Dutchman Olav Kooij seized the last opportunity of a bunch sprint in this Paris-Nice to snatch his first victory of the season and see his consistency rewarded.

Second in Fontainebleau on stage 2 and 4th in stage 1, the 21-year-old team-mate of Jonas Vingegaard outpaced Danish green-jersey holder Mads Pedersen (Trek-Segafreod) on the line while stage 1 winner Tim Merlier (Soudal Quick Step) was third.  

Tadej Pogacar (UAE Team Emirates) retained his overall lead, but it was cut off by four seconds by second-placed David Gaudu, who took advantage of the day’s intermediate sprint to come back within six seconds of the Slovenian.

Gregaard strengthens KOM lead

The real start was given at 11:32 to 148 riders. Max Walscheid (Cofidis), Andrea Piccolo and Marijn Van den Berg (EF Education-Easypost) did not start. From the gun, Jonas Gregaard (Uno X) attacked, taking Sandy Dujardin (TotalEnergies) along with him.

The two escapees were first and second on the first three climbs of the day (Km 3.6 – Cote de Coise, Km 11.7 – Cote de l’Aubepin, Km 34.6 – Cote de Treves), allowing the KOM leader to add 13 points to his tally. The polka-dot jersey holder is now on 27 points in the mountain classification.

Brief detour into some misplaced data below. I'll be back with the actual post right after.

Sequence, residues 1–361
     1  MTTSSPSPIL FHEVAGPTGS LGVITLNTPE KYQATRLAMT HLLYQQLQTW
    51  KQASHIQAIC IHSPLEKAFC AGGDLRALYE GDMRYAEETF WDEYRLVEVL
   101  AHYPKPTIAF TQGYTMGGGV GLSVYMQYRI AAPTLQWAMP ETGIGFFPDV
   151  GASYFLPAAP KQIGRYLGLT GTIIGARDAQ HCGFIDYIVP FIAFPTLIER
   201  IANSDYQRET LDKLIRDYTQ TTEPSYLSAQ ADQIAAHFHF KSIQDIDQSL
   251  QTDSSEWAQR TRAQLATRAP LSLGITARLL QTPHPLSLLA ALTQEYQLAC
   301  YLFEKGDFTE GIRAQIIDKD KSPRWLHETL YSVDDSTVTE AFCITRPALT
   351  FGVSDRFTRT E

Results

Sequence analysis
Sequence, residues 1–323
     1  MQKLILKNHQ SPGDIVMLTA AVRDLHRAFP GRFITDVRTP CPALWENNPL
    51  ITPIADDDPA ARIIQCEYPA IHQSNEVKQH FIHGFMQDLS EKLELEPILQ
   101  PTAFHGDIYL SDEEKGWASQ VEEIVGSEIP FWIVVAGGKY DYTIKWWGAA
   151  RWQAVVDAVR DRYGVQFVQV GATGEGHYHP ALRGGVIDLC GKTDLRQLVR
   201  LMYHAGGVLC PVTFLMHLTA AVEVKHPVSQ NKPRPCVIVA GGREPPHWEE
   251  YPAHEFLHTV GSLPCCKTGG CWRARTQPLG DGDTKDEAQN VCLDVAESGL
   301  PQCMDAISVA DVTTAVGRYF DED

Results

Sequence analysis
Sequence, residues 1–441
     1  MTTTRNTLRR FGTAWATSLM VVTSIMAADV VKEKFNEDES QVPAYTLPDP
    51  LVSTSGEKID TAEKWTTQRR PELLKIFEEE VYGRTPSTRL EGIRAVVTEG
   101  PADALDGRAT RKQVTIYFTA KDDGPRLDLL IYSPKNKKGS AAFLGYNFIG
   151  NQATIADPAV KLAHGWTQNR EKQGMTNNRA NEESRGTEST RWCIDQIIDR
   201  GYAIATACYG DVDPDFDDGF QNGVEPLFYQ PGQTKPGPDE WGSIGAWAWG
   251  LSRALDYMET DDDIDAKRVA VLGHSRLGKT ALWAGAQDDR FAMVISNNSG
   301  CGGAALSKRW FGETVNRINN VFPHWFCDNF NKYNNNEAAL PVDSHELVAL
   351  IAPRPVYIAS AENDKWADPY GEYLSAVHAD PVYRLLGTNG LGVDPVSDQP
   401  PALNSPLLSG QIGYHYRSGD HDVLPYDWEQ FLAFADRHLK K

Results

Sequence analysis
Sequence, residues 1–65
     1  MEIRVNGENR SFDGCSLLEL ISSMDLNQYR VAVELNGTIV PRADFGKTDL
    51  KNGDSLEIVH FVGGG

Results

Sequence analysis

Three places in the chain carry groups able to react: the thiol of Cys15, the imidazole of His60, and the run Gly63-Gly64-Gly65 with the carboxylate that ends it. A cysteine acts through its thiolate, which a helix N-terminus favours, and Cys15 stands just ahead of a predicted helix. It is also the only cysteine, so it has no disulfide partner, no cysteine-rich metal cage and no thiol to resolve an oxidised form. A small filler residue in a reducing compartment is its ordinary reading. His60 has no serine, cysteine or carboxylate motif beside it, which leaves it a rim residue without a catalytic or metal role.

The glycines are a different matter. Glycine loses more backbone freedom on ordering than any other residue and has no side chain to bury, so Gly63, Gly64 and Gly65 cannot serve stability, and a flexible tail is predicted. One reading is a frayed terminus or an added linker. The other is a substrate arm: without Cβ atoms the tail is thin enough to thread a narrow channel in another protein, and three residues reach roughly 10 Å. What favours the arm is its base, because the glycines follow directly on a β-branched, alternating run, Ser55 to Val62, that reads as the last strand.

Dujardin on his own

The lead of the two escapees reached 5:05 after 12 km and remained stable, topping at 5:50 after 35 km. The strong headwind did not make things easy for the breakaway and Gregaard, his points harvest completed, decided to wait for the peloton, leaving Dujardin on his own in the front.

The Frenchman bravely fought on his home roads – he lives in Tournon-sur-Rhône at km 96.7 –, but his lead steadily decreased as Lotto Dstny and Alpecin Deceuninck riders led the chase. He was finally reeled in at kilometre 122 and settled for the most aggressive rider prize of the day.  

Gaudu takes sprint

The intermediate sprint at Col du Deves (Km 159) saw a fierce battle between Tadej Pogacar and second-placed David Gaudu (Gorupama-FDJ), who took advantage of a great lead-out by Arnaud Demare to pick the six seconds on offer.

The Frenchman is now only six seconds behind the Slovenian overall. In the final climb, some 30 km from the line, teams Trek-Segafredo and Jayco Alula raised the tempo to try and drop pure sprinters like Tim Merlier or Sam Bennett and favour their own sprinters Mads Pedersen and Michael Matthews.

But the plan did not quite work and Gregaard surged to add three more points to his polka-dot jersey (30 points).  

Stage set for sprint

A bunch sprint was unavoidable and the bunch took it relatively easy until the finale when a roundabout made it tricky to find the best position. Kooij opted to go on the left-hand side and it was a good choice as he took the wheel of Mads Pedersen, who launched his sprint from too far and was overpowered on the line by his young Dutch rival. – www.paris-nice.fr

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